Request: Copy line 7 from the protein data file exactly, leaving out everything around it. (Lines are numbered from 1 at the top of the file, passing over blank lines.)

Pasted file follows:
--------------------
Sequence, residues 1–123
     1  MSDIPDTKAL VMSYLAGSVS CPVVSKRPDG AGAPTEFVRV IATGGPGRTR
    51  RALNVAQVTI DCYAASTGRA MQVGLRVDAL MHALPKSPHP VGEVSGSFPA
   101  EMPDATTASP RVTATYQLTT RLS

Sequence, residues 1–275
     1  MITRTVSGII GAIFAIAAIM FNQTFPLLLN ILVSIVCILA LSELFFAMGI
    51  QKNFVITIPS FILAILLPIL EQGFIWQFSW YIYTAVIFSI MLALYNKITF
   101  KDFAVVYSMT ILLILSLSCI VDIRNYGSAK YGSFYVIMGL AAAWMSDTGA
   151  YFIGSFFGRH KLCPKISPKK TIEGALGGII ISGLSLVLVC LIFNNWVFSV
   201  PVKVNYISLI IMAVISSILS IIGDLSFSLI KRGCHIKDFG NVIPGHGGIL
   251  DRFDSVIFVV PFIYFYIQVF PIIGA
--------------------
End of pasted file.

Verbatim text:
    51  QKNFVITIPS FILAILLPIL EQGFIWQFSW YIYTAVIFSI MLALYNKITF